Carbapenems are one of the most important groups of antimicrobials and are considered as a last line of drugs for the treatment of severe infections. Consequently, the spread of carbapenem-resistant bacteria in food-producing and companion animals is a major public health concern [Reference Nordmann1]. Resistance to carbapenems is mediated by various factors such as the loss of outer membrane porins, production of carbapenemases and overexpressed efflux pumps [Reference Bhardwaj2]. The increasing frequency of Gram-negative bacteria producing extended spectrum β-lactamase enzymes has led to higher carbapenem usage which has resulted in the wider occurrence and spread of carbapenemase-producing Enterobacteriaceae [Reference Muller3–Reference Kelly, Mathema and Larson4]. These bacteria in sewage and waste water may contaminate the wider environment and spread resistance genes into many species [Reference Picao, Cardoso and Campana5]. Indeed, an epidemiological linkage between carbapenemase-producing Escherichia coli and Klebsiella spp., isolated from hospital-acquired and community infections, and a contaminated urban water supply has been previously made in India [Reference Castanheira6]. Moreover, the unregulated use of antimicrobials as prophylactics or therapeutics in food animals [Reference Page and Gautier7] has possibly impacted on the spread of resistant strains in India where no legally binding regulations are in force.
Here, we describe the results of a survey to ascertain and confirm by phenotypic and genotypic methods, the occurrence of carbapenem-resistant E. coli in healthy and diarrhoeal calves and explore associations of epidemiological factors with the isolation of such strains.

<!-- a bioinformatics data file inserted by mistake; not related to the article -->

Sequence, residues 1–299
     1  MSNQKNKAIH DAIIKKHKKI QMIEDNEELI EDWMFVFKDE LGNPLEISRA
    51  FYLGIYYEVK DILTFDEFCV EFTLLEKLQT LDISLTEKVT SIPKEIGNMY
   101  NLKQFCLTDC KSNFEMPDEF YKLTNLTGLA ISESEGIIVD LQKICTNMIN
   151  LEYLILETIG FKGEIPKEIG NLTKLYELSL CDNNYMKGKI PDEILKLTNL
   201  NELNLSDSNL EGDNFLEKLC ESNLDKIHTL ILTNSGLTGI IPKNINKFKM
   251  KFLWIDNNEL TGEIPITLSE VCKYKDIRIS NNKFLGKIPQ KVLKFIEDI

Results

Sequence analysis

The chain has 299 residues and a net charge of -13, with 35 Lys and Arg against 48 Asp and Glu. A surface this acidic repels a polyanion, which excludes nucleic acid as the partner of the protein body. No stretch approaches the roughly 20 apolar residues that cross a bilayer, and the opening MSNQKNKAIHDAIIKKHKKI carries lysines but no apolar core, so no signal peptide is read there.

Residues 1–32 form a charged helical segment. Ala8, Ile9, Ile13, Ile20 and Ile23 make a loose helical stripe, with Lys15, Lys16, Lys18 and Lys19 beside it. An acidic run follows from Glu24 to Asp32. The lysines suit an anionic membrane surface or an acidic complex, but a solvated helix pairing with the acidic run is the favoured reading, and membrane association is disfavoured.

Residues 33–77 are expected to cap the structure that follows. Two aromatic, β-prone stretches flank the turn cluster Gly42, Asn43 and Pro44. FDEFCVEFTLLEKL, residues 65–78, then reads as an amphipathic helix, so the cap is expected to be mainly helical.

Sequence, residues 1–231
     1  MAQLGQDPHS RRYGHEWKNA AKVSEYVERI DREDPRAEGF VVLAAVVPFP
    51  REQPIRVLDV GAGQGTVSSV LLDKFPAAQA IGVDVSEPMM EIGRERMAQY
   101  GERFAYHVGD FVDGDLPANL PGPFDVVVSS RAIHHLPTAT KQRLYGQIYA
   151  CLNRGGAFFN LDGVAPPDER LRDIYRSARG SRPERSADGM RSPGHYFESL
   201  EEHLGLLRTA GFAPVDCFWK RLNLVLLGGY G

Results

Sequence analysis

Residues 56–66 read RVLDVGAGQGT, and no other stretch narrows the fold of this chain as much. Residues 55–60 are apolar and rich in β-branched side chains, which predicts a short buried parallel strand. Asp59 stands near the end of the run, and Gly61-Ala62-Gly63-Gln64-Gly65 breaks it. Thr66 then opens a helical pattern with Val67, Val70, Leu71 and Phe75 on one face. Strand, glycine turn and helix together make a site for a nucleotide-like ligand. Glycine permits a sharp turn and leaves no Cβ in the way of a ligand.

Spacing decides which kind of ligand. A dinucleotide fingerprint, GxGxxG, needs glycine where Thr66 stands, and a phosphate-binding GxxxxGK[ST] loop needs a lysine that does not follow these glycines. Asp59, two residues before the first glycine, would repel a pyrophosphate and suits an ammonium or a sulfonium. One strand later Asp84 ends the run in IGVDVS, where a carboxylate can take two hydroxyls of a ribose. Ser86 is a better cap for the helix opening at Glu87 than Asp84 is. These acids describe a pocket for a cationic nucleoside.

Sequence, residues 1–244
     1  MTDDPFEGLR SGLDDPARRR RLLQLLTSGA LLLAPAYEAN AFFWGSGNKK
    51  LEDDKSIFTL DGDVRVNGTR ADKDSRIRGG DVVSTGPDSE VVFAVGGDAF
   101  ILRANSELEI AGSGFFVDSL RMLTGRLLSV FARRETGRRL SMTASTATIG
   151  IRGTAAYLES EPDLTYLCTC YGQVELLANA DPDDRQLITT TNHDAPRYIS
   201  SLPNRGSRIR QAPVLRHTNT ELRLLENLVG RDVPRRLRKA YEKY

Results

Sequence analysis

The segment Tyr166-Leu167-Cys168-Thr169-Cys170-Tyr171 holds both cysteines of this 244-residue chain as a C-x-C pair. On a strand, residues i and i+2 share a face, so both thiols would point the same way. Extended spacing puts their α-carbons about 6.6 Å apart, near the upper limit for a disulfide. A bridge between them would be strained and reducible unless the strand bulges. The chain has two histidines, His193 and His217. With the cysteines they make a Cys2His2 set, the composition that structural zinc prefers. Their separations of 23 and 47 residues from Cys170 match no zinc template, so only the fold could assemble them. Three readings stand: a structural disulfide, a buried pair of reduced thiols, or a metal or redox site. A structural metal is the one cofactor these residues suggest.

Materials and Methods
Farms and faecal sampling
Dairy farms located in Bareilly, India, were selected based on the owner's agreement to collect faecal samples from calves and provide details of husbandry practices (organised and unorganised) used; three each of the latter two groups of farms were chosen for sampling. In organised farms, animals were fed in stalls attended by dedicated workers, while in unorganised farms, animals were grazed in fields and daily activities were taken care of by family members. Both types of farms practiced weaning of calves after 90 days. Samples from apparently healthy (n = 45) and diarrhoeal calves (n = 45) of <3 months’ age were collected at random between November 2013 and March 2014. Of the 90 samples, 30 and 60 samples were collected from cross-bred and native calves, respectively. Cross-bred calves were the progeny of Indian native and exotic breed cattle. Diarrhoea was defined as voiding of four or more loose stools by a calf in a 24 h period. Only calves that had not received antibacterials for a fortnight were included and diarrhoeal calves were matched with apparently healthy counterparts of the same age group. Faeces were sampled using sterile transport swabs.
Isolation of E. coli
Following enrichment in MacConkey broth at 37°C for 6–10 h, the faecal swabs were streaked on MacConkey agar and incubated at 37 °C for 12–18 h.
Antimicrobial susceptibility testing
Isolates were screened for susceptibility to the carbapenems, meropenem (10 µg), imipenem (10 µg) and ertapenem (10 µg) by disk diffusion testing (Beckton Dickinson, Sparks, Maryland, USA), and zone diameters were interpreted according to CLSI guidelines . The MIC for meropenem was determined using Etests (HiMedia, Mumbai, India). Metallo β-lactamase (MBL) production was confirmed by the ‘keyhole reaction’ between a carbapenem and EDTA as previously described [Reference Pruthvishree9].
Molecular characterisation of carbapenem resistance